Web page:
Baby Boomer: Is that really me?

Blog prompt: In our readings and class session over the last week we looked at Generations in the workplace. In what ways do the characteristics attributed to your generational group describe you? In what ways are you different from the characteristics? As you read, listened to the presentation in class or watched the videos, did you ever say, “Oh, that is so me” or “I don’t fit that characteristic at all”?
First, I’ll admit that it seems weird to say that I’m a Baby Boomer. It sounds so old nowadays. Before the label “Baby Boomer” signalled that one was on the cutting edge, creative, ready to take on the world & change it. Now it seems that Baby Boomers are often considered old, often out of touch, unable to adapt to technology, making retirement plans and checking out nursing homes. Sheesh. I now qualify my Boomer status by saying I’m a late Boomer (meaning that I was born late in this trend … not late enough to be on the cusp of Gen X, but not early enough to be a typical Boomer). Truth be told, however, I do have a lot in common with Boomers … I expected to go to college. It didn’t really seem like an option; rather our parents talked about college as a natural progression in our education. Our parents were typical of their generation: they married young (she was 19, he was 20) and by the time she was 26, she had four children. Because they saw the benefits a college education could offer, they did encourage us to go to college even though they hadn’t been themselves.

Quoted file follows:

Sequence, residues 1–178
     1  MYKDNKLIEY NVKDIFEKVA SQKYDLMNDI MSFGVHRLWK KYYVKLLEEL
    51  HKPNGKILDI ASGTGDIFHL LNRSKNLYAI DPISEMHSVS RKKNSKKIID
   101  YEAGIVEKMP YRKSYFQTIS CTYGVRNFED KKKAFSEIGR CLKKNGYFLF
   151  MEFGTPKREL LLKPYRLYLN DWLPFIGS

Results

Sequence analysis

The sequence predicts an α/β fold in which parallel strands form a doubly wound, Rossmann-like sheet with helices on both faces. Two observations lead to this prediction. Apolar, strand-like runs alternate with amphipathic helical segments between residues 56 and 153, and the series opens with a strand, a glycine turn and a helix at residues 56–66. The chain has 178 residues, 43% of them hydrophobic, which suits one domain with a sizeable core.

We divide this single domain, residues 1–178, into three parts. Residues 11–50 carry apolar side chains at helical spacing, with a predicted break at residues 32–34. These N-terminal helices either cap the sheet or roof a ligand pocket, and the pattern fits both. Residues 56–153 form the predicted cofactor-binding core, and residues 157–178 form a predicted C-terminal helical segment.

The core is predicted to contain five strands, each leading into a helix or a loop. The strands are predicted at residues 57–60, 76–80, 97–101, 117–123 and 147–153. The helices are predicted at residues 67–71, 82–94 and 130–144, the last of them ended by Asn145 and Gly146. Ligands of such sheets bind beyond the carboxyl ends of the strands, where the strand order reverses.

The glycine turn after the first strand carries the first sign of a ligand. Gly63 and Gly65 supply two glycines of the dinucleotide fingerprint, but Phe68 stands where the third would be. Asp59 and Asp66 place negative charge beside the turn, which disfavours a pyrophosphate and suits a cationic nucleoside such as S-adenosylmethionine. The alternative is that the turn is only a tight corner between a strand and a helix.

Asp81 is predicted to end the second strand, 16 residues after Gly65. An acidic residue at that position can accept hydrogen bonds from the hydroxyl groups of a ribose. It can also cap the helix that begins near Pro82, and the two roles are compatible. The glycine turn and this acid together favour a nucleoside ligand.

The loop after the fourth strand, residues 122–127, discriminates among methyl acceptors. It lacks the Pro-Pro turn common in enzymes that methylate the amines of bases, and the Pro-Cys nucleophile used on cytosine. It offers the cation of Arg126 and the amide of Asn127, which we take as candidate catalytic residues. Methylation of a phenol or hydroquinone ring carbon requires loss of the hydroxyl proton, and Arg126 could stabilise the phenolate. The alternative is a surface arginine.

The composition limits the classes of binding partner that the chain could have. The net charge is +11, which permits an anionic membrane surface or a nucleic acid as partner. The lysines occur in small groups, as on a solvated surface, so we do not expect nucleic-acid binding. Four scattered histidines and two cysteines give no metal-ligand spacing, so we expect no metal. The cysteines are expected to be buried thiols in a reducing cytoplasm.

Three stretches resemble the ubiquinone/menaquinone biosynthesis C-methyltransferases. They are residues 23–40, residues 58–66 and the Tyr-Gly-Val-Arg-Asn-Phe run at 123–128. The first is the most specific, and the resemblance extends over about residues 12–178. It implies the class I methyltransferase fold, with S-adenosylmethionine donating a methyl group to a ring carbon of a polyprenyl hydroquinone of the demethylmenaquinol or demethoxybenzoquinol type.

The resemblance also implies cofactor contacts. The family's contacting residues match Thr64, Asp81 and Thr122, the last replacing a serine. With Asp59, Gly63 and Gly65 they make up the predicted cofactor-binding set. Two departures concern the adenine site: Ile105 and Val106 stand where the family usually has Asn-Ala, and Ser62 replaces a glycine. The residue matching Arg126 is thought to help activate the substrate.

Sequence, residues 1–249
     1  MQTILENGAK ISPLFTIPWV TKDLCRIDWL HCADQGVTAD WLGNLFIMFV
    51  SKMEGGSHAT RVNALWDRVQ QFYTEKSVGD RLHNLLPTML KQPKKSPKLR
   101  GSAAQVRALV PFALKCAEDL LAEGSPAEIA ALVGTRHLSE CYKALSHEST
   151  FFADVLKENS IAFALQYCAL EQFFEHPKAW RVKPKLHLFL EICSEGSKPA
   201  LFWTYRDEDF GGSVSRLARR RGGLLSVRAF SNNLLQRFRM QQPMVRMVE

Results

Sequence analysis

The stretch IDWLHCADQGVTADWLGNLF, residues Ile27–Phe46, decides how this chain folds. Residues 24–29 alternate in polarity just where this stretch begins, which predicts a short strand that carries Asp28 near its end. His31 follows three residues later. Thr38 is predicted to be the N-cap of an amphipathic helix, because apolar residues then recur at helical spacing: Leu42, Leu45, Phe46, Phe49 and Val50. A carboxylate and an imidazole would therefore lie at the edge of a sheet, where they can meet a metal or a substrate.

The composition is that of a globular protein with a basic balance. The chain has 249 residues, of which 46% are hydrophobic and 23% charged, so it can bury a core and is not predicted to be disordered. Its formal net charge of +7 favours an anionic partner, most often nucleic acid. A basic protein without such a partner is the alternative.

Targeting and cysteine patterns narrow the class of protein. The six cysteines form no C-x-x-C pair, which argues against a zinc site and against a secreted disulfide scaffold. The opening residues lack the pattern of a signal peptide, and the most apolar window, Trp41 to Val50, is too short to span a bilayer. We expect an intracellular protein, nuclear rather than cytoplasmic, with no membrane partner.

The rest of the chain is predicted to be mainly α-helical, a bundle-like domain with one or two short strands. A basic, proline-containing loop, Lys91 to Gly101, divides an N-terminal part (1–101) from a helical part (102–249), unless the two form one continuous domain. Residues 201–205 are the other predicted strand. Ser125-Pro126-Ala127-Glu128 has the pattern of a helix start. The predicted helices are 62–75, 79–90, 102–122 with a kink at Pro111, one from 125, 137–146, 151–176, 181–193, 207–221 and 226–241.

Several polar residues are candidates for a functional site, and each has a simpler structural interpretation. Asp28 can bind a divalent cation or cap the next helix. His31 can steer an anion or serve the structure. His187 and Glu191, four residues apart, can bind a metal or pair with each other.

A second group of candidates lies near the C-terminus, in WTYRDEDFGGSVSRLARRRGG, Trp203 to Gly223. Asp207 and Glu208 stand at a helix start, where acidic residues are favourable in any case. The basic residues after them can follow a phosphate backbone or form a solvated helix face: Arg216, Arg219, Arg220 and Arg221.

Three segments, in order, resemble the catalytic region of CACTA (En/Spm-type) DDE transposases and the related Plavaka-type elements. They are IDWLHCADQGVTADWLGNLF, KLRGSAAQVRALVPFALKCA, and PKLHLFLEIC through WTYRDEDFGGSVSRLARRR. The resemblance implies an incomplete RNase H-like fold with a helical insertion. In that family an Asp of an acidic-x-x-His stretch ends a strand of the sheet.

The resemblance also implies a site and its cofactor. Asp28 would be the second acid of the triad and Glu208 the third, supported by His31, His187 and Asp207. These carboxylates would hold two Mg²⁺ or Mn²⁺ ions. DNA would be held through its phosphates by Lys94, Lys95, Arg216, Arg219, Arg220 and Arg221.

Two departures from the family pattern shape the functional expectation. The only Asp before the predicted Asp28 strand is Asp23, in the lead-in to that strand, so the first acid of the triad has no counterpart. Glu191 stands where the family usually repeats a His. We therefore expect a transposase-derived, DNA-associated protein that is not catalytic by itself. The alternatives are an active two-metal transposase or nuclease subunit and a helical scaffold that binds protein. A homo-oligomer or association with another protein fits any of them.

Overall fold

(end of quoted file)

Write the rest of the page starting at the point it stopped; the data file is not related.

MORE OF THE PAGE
Okay … back to what I have in common with Boomers: an understanding of the importance of a college education, the Civil Rights movement, the feminist movement, assassinations (yes, I do remember where I was with John F. Kennedy, Martin Luther King, and Robert Kennedy were killed), flower children & hippies, the space race (yep, I also remember watching the moon landing), the Cold War, the Kent State shootings, unrest on college campuses, the Viet Nam War, the Beetles on Ed Sullivan, the Smothers Brothers, and Laugh-In. I learned early to question the status quo — landmark court rulings such as Brown v. Topeka Board of Education served as illustrations of the importance of challenging long-established practices. Late in elementary school and in junior high the war in Viet Nam began to really ramp up … we saw news reports and body counts every week on the news. By late high school, our President had sanctioned the break-in at Watergate leading to a loss of faith in our government. Like other Boomers, I questioned authority — but that was tempered a bit by being raised Catholic where we never, ever questioned authority. Oh, the contradictions all around. Like other Boomers, I waited in long gas lines during college, experienced double-digit inflation, and interest rates that seemed to increase every year.